Facts for Living: Great expectations! Have you discussed them?

By Rebecca McFarland
Frontier Extension District Agent

Expectations, whether minor things or common issues, play a crucial role in how happy a marriage will be. When expectations are unstated, unreasonable, or unmet, this can become a source of major conflict in the relationship. No matter how big or small the issue, we shouldn’t assume our partner will “just know” what we expect. Remember, he or she can’t read your mind. Expectations need to be shared and discussed.

080714-facts-for-living1We develop our expectations from what we have seen, heard, experienced in our family of origin (parents, grandparents), our previous relationships and marriages (friendships, dating partners, prior marriages), and our culture (media, religion, ethnic background). We soak up images of marital and family life and learn how couples should act in a marriage. Some expectations are so engrained that we don’t even realize it.

For most people, expectations about the way things should be in a relationship are focused on three major areas:

  • Boundaries: How much independence is okay between the two partners? Where does the line around the couple go? Who is in it and who is not?
  • Investment: How much time and effort does each partner feel the other should be putting in to the relationship?
  • Control and power: Who makes which decisions? Is power shared? How?

It’s important for couples to openly and honestly discuss their expectations. And once is not enough. You should regularly plan time to share and discuss them. In order to positively handle expectations, keep these tips in mind:

  • Be aware of what you expect. We bring a host of expectations into a marriage that are never made clear. Does your partner know yours? Do you know his or hers?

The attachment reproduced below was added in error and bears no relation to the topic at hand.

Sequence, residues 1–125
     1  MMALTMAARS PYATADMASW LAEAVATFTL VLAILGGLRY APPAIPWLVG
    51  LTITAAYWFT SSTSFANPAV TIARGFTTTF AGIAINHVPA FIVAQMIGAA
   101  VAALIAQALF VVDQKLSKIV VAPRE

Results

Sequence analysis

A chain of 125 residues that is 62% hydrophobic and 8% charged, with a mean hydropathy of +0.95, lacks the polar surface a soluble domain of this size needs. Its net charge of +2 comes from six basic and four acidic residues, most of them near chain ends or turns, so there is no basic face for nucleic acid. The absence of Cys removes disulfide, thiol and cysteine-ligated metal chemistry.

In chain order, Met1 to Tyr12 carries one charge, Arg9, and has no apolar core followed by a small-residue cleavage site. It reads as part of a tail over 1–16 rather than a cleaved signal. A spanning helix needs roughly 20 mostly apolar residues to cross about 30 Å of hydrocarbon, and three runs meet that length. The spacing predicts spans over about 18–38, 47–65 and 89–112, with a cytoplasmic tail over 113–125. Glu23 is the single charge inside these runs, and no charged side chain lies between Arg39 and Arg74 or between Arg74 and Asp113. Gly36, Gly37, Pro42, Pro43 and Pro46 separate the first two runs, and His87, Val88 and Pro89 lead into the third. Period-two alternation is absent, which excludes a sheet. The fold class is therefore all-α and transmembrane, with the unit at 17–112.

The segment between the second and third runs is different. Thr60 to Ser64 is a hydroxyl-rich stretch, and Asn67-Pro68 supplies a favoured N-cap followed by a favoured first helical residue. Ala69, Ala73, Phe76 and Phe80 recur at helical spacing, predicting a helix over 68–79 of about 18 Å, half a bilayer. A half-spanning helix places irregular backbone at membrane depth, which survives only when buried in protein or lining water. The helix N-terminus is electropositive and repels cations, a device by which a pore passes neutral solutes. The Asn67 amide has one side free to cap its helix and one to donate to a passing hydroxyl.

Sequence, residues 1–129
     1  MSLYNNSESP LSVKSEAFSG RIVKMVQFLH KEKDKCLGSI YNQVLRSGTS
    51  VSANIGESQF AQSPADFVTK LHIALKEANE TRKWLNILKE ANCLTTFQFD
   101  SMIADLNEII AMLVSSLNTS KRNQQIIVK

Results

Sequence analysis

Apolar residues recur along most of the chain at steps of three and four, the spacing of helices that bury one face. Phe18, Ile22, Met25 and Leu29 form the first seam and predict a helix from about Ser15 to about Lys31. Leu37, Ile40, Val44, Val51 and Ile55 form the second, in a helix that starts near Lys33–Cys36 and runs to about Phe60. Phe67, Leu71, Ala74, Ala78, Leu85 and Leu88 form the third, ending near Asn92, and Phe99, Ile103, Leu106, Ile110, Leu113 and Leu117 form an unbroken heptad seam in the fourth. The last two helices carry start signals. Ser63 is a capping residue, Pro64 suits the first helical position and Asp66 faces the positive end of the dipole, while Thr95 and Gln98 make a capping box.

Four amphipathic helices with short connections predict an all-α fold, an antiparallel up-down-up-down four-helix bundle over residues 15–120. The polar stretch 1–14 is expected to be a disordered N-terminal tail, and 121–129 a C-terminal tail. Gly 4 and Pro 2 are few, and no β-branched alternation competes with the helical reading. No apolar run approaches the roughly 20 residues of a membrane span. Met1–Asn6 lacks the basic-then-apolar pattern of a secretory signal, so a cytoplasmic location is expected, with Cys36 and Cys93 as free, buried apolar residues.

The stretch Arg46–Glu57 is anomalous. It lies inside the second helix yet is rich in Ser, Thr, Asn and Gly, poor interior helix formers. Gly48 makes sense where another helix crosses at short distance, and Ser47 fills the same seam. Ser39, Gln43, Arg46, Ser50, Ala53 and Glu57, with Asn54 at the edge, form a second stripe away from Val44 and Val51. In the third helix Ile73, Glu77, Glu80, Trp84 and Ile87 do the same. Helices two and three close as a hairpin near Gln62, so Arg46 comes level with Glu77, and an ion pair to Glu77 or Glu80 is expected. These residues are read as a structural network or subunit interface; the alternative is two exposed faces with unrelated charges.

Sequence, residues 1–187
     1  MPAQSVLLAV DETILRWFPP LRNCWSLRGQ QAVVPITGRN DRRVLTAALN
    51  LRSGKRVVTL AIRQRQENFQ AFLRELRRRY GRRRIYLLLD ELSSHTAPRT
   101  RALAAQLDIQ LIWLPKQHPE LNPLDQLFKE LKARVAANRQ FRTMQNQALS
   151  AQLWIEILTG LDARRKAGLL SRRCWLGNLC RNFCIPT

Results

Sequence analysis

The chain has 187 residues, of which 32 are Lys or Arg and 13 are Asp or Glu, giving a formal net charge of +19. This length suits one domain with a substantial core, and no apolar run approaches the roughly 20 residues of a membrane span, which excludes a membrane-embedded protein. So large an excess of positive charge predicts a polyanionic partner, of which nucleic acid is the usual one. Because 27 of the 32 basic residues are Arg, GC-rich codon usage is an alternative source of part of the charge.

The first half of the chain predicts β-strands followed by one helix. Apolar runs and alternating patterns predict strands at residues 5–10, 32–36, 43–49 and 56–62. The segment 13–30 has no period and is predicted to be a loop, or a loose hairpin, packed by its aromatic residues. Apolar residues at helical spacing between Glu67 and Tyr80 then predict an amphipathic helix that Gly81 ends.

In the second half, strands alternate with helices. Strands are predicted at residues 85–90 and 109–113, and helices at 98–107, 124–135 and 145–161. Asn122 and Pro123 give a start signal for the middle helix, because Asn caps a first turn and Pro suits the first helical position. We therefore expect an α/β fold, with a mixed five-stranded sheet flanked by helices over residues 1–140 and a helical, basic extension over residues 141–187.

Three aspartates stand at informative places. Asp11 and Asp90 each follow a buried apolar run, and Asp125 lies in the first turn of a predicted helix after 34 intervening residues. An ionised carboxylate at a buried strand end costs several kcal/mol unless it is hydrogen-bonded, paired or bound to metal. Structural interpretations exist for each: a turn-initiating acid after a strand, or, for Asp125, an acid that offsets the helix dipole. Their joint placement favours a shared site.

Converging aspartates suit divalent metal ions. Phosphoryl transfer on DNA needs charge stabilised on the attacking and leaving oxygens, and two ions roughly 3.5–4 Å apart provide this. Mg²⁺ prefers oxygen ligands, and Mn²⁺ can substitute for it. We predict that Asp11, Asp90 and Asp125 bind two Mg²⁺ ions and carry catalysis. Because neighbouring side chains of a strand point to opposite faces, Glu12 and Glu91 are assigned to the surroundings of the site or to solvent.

• Be reasonable in what you expect. Just because you have an expectation doesn’t mean it’s reasonable or realistic. Is it an expectation you as a couple can meet, or does it need to be changed?
  • Be clear about what you expect. Expectations must be expressed verbally. We are not mind-readers. Be willing to express your expectations in a respectful manner and be willing to evaluate, discuss and adjust them. Expectations will change over time.
  • Be motivated to meet your partner’s expectations. Make a conscious effort to know and meet your partner’s expectations. Relationships in the early stages flourish because partners are attentive to knowing and meeting each other’s needs. As time passes and our lives become busy with other things, we sometimes forget to pay attention to those needs.

I challenge you to set aside some time within this next week to discuss your expectations with your partner. Here are a few topics to get you started:

  • Romance – What is romantic for you?
  • Your sexual relationship – frequency, practices, taboos?
  • Children – do you want (more) children? When and how far apart?
  • Household tasks – who does what?
  • Handling problems – do you want to talk them out? If so, when and how?

Being aware and agreeing about expectations reduces the chances for arguments and increases the chances for understanding each other.


McFarland_RebeccaRebecca McFarland is the Frontier Extension District family and child development agent. For more information, she can be contacted at Frontier Extension’s Ottawa office, 1418 S. Main, Suite 2, Ottawa, KS 66067, or call 785-229-3520, or email [email protected].


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